Welcome to the Department of Human Genetics
We are the hub of genetics teaching and research activities at the University of Pittsburgh as the only academic department that offers degrees at the MS and PhD levels in human genetics, as well as an MPH and certificate in public health genetics and an MS in genetic counseling. The department provides broad training in all aspects of human genetics (basic, applied, clinical) and prepares the next generation of human geneticists to serve in academia, medicine, government, and industry. We currently have 35 students pursuing the PhD, 23 pursuing the MS in genetic counseling, and 15 pursuing an MS or MPH.
This is a very exciting time to be involved in human genetics as the human genome has been deciphered and the race is on to elucidate the genetic bases of human diseases. Since the completion of the Human Genome Project, the role of genetics in medicine has increased exponentially, as identification of genetic factors for different diseases are helping to understand the underlying biological mechanisms that may one day lead to therapeutic treatment and prevention of disease.
We were the first human genetics department to be housed within a school of public health. As a result, our faculty's major research focus is to elucidate the genetic architecture of complex and common diseases of public health importance. Particular emphasis is being placed on the genetics of the following diseases: cardiovascular disease, diabetes, osteoporosis, pancreatitis, inflammatory bowel disease, age-related macular degeneration, obesity, cancer, otitis media, Down syndrome, disorders of elastic fibers, demyelination disorders, lupus, Alzheimer's disease, and aging.
Our large statistical genetics group is actively involved in developing new statistical and bioinformatic methods for genetics research. We also have faculty involved in research on ethical issues in genetics research and the provision of genetics services, such as informed consent and the individual's experiences of facing genetic risk. The translation of this work to the public is a major focus of the genetics counseling and public health genetics programs.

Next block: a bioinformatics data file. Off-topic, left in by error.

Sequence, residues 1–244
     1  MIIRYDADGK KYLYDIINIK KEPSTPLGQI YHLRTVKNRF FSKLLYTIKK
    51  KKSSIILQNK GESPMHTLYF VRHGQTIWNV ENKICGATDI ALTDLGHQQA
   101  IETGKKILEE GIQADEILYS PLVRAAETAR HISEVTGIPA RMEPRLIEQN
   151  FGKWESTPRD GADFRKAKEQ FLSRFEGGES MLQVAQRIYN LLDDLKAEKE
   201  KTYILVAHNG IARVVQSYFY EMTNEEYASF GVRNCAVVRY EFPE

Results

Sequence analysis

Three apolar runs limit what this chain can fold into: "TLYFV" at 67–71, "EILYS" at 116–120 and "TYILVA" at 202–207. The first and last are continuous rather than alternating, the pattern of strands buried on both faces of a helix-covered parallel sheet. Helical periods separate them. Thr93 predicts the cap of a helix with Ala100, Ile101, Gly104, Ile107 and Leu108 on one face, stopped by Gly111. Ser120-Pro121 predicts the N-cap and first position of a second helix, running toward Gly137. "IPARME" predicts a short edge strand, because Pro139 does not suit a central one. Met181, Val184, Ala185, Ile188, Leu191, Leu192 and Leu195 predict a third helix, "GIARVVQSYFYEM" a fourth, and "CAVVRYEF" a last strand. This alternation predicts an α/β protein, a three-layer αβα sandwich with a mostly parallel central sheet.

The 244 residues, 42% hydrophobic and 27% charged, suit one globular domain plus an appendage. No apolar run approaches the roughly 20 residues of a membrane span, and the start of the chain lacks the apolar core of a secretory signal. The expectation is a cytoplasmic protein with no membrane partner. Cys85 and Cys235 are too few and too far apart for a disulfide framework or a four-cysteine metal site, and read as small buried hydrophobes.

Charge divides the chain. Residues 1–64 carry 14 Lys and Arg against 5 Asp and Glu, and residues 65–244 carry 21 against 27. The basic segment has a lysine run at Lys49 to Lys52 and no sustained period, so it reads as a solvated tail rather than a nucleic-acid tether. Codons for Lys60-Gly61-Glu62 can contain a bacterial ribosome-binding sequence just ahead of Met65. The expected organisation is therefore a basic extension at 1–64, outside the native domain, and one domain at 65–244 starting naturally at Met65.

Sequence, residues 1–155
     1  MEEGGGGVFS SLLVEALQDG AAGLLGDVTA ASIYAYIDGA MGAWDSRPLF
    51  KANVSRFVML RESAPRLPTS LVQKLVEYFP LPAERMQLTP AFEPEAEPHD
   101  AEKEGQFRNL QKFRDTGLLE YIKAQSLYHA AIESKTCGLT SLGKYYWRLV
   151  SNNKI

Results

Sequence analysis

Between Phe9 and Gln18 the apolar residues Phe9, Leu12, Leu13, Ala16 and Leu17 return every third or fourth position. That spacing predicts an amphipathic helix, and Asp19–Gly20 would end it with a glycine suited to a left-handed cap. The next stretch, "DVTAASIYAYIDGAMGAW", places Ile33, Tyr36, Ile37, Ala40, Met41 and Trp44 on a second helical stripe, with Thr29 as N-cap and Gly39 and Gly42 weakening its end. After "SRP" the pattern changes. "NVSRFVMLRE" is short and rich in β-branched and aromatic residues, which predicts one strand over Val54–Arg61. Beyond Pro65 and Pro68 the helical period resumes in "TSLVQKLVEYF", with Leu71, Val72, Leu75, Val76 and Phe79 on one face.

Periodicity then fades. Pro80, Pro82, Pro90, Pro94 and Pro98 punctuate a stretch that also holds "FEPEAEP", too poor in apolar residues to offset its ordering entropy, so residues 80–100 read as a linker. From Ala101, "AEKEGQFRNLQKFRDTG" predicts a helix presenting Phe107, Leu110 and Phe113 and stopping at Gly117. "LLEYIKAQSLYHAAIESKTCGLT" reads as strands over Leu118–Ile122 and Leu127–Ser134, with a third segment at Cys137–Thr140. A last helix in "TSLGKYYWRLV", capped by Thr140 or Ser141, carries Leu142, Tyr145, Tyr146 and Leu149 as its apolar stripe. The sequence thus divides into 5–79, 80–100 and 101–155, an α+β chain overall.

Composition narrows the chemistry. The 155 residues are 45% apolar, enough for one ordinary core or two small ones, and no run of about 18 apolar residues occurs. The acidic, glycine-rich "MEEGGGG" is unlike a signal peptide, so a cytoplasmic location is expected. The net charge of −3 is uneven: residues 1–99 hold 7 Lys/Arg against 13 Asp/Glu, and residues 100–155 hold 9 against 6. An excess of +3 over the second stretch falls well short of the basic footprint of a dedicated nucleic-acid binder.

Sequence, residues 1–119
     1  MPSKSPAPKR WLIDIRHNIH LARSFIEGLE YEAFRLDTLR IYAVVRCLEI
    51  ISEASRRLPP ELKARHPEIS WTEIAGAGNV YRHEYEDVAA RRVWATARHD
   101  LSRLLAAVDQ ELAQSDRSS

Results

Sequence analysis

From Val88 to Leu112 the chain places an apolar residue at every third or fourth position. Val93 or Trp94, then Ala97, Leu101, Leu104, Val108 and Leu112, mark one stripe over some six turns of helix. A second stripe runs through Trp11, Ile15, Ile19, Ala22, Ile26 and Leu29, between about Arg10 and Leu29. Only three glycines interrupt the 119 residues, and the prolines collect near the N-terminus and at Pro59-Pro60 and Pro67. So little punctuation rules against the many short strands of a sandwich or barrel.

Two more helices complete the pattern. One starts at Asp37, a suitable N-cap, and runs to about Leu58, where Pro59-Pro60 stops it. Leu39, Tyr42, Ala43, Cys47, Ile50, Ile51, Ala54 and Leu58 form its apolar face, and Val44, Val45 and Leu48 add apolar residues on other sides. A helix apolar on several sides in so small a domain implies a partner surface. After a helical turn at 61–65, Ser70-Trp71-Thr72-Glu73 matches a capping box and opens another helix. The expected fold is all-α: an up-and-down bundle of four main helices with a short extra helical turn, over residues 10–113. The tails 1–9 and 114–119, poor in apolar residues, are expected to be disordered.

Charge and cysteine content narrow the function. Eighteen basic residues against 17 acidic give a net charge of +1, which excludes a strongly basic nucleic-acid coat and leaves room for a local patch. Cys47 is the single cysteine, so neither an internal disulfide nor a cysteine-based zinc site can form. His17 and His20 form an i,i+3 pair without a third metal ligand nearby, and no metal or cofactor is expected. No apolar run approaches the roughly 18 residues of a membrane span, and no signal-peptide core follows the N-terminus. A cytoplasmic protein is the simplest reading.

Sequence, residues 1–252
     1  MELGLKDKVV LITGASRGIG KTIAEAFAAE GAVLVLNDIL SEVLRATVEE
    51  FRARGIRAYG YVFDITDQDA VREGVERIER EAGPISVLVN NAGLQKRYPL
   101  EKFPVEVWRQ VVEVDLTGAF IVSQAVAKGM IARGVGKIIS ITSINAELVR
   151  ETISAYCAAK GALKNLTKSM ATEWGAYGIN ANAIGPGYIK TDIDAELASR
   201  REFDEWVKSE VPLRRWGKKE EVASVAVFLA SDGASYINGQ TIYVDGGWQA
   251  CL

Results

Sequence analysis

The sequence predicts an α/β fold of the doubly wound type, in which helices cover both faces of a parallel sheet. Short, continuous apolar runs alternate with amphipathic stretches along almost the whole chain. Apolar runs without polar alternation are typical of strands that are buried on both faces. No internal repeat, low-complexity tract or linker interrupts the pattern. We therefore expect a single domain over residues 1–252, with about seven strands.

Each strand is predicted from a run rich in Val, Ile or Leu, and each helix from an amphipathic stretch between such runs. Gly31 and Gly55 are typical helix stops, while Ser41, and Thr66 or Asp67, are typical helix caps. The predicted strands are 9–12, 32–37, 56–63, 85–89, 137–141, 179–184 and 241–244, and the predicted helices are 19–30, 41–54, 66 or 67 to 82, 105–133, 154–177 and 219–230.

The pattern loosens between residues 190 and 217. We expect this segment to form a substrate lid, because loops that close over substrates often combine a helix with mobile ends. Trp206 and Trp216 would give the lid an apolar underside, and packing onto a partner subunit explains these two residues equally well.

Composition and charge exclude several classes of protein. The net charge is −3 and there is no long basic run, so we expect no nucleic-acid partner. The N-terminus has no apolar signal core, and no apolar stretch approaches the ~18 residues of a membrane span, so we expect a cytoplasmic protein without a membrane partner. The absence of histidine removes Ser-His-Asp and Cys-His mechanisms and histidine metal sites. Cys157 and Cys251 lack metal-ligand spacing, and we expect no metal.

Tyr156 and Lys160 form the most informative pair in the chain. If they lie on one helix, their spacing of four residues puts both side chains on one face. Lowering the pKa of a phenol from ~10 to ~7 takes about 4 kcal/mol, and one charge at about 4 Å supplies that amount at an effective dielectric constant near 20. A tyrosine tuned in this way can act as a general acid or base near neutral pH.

In addition to our strengths in basic and applied research in human genetics, we also have one of the oldest and most respected teaching and training programs in genetic counseling in the country. Since its inception in the early 1970's, our genetic counseling program has produced hundreds of genetic counselors that serve families and patients afflicted with genetic diseases all across North America.
The faculty of the Department of Human Genetics works collaboratively with other faculty interested in human genetics within Pitt Public Health and in Pitts schools of medicine, nursing, and dental medicine, Children's Hospital of Pittsburgh, Magee-Womens Hospital, the University of Pittsburgh Medical Center (UPMC), and the Cancer Genetics Program located at the University of Pittsburgh Cancer Institute Hillman Cancer and Magee-Womens Hospital. Almost all of these faculty members have secondary appointments in the Department of Human Genetics and they are involved in collaborative and/or teaching activities. Thus, our students have the opportunity to benefit directly from a diverse set of experts across the University.
I encourage you to tour our Web site to learn more about our training and research programs, and about our faculty, staff, and students. I, along with our dedicated faculty and staff, look forward to discussing our training and research programs with prospective students and trainees. Please feel free to contact us for further information.
Eleanor Feingold, PhD
Interim Department Chair